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I am comparing 2 txt files that are ls -R of the etc directory in a linux system. I compared the 2 files using difflib.differ and got this list as my result (i put the dots to keep the list short in here):

result = [' etc:\n', ' ArchiveSEL\n', ' HOSTNAME\n', ' RMCPUser\n', ...,
    ' qcleaner\n', '+ extraFile\n', ' rc.d\n', '+ extraFile2\n', ...,
    ' resolv.conf\n', ' wu-ftpd\n']

I want to be able to take the strings with the '+' sign out to do something else. how do i manipulate the list? in the example above, i want to be able to get this string "extraFile" and "extraFile2".

Thanks to all the people who posted solutions. It helps a lot and I am grateful :)

Here's what I did to get the string I wanted:

newresult = [file[2:-1] for file in result if file.startswith('+')]

to print out the strings:

for i in range (len(newresult)):
print newresult[i]

THANKS~!!! :)

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3 Answers 3

You can use list comprehension:

newlist = [file[1:] for file in result if file.startswith('+')]
#            ^-- gets rid of `+` at the beginning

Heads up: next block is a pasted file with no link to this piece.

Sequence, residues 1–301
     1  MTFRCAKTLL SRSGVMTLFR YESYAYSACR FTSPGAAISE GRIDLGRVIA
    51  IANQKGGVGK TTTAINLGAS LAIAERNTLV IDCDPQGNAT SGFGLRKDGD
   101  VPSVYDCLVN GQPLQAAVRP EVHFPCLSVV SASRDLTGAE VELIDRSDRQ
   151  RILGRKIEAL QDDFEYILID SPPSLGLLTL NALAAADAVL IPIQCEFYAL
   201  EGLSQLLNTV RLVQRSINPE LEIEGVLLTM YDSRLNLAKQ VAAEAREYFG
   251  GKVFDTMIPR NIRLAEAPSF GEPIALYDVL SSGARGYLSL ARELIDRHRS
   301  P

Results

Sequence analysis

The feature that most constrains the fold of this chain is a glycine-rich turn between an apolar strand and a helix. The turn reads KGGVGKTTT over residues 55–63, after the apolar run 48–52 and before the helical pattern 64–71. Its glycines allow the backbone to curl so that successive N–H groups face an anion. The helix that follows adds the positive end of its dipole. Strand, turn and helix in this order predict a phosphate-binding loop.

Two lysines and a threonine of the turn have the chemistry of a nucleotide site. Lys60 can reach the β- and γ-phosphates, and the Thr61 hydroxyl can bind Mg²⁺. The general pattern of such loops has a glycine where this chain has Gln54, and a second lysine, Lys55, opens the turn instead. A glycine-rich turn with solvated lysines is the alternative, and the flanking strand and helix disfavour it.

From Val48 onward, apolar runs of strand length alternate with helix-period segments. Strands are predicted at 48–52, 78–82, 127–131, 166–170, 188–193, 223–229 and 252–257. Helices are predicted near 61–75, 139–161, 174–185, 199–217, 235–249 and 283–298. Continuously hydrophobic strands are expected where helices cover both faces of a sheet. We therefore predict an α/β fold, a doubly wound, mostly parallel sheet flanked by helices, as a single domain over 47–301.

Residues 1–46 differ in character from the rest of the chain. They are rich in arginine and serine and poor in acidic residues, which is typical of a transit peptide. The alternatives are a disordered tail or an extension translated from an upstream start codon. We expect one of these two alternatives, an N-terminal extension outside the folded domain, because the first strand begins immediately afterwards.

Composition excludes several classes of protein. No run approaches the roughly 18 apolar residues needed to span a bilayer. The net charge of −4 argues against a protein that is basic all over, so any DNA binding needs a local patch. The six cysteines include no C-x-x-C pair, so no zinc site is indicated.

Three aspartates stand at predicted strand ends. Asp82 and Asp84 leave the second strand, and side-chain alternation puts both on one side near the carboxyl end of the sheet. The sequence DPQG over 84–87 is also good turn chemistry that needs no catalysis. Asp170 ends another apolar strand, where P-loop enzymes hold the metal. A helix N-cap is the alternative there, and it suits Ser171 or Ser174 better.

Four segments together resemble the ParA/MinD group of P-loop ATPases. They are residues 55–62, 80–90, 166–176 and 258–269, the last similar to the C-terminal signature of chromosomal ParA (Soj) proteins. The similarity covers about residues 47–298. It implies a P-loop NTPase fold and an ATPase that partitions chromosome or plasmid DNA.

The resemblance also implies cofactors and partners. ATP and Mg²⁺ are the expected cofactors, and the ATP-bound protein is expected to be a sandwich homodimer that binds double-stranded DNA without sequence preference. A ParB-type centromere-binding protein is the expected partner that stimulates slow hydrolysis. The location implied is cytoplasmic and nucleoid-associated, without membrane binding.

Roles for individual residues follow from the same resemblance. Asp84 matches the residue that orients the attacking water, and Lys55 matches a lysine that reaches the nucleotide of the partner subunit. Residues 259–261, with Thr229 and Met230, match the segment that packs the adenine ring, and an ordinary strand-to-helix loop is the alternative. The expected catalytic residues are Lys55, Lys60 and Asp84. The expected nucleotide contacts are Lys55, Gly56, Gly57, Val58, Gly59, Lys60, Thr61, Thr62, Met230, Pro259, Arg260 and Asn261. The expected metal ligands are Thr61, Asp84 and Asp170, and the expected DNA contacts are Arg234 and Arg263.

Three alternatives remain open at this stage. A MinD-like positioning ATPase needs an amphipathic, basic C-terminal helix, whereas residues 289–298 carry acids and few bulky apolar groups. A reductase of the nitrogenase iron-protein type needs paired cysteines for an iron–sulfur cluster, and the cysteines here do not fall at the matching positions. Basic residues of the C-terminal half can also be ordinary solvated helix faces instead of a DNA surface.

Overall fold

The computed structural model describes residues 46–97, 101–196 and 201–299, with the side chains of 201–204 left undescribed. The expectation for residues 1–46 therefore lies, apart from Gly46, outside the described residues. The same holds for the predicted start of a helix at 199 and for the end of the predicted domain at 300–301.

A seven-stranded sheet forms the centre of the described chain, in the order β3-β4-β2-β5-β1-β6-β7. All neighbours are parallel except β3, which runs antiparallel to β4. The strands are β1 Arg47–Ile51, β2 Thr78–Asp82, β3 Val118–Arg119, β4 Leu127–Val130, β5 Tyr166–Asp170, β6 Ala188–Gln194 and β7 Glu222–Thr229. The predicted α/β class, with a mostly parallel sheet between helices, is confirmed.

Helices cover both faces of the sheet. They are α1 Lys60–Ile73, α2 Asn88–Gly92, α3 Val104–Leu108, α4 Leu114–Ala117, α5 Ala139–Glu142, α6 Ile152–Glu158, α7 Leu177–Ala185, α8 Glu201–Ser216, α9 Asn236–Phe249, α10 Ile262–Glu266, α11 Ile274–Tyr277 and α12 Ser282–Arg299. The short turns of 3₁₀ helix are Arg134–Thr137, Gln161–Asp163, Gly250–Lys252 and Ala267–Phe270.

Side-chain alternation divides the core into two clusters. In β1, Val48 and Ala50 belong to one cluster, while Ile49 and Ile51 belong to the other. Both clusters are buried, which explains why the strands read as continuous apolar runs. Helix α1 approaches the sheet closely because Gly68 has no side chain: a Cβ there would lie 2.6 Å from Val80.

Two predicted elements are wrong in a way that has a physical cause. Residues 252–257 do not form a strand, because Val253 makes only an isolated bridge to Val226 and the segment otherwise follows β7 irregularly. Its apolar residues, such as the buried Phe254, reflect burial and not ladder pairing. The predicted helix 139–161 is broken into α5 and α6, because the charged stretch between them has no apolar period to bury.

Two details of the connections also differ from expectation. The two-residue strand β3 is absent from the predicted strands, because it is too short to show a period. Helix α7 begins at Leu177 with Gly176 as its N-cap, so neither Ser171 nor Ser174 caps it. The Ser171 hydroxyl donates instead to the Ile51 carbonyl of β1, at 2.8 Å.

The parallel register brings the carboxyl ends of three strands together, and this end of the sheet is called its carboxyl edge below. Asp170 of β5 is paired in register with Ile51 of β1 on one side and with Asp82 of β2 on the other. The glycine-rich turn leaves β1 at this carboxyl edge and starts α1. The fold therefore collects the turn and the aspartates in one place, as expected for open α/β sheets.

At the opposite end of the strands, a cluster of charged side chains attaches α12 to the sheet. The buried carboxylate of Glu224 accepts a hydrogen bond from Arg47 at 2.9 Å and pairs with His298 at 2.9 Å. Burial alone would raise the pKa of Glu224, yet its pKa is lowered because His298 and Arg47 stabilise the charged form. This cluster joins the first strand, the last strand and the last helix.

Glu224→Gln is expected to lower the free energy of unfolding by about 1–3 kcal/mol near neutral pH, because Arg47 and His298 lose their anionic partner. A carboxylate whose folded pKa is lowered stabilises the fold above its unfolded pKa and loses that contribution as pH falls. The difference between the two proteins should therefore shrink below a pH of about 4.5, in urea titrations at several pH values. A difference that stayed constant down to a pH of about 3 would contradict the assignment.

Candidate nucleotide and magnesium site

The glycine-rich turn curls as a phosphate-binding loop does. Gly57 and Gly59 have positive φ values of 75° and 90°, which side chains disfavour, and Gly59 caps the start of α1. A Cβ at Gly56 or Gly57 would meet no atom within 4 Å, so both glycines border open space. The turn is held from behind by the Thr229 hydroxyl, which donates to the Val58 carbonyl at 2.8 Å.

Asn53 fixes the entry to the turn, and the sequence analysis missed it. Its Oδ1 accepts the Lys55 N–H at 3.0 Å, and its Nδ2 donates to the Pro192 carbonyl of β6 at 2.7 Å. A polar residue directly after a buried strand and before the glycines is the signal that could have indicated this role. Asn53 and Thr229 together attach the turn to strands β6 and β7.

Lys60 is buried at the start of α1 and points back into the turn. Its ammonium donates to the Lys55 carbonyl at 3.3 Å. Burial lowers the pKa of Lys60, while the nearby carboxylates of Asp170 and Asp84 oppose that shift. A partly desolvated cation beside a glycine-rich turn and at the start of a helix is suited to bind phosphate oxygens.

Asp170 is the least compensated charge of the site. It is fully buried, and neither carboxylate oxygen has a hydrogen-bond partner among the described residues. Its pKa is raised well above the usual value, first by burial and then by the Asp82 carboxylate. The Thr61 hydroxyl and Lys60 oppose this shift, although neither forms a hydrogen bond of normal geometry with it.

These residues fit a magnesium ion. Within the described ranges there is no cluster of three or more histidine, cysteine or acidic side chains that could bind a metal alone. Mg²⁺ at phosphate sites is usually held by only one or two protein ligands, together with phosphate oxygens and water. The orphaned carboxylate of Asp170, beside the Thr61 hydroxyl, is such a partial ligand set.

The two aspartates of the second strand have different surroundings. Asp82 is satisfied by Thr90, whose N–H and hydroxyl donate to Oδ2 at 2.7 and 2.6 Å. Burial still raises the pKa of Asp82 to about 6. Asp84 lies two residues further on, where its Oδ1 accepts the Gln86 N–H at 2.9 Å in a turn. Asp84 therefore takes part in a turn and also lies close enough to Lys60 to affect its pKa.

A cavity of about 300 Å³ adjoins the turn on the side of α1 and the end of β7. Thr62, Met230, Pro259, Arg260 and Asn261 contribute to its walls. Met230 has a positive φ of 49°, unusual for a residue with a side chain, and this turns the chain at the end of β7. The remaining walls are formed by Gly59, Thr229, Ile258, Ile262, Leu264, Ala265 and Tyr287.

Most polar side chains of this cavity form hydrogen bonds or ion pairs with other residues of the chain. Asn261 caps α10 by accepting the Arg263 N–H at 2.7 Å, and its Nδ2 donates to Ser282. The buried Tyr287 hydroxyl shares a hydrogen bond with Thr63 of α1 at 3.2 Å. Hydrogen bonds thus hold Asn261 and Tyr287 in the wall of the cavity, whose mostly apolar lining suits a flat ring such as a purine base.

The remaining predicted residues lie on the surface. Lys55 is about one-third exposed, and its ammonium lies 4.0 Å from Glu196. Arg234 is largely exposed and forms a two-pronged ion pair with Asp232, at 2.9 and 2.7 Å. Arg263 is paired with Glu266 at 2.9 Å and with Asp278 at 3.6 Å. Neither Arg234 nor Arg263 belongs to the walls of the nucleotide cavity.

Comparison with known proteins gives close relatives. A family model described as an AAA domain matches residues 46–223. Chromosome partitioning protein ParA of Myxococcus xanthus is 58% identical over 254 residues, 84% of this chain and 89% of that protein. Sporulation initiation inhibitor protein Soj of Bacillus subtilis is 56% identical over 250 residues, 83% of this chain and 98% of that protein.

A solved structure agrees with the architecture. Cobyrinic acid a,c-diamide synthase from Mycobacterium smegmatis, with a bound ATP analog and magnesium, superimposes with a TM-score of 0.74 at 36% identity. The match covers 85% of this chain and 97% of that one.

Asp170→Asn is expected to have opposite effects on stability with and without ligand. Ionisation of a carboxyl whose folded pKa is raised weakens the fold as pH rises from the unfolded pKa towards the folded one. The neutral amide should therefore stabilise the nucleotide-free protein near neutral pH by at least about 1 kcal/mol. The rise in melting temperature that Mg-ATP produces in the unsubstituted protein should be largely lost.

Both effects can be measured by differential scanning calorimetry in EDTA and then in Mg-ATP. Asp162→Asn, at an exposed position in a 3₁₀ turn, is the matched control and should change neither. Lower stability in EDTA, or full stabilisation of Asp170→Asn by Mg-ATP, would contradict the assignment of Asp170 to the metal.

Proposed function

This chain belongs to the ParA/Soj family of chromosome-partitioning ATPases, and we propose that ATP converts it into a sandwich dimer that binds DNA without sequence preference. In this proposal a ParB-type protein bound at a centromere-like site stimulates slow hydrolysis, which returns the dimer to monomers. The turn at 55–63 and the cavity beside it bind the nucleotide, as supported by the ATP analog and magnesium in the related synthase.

See the string methods documentation.

And if you want to get rid of the newline character and whitespaces just do:

newlist = [file[1:].strip() for file in result if file.startswith('+')]

Another way would be to use filter(), but you cannot manipulate the string then (just want to mention it for completeness):

newlist = filter(lambda s: s.startswith('+'), result)
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>>> [x.strip('+').strip() for x in result if x.startswith("+")]
['extraFile', 'extraFile2']

Improved version with stripping out '+' and whitespace/linebreaks

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+1 for strip('+') but I think even better would be to use .strip('+ \n') instead of two times strip() :) –  Felix Kling Jul 19 '10 at 9:26

Try a list comprehension : [x for x in result if x[0]=='+']

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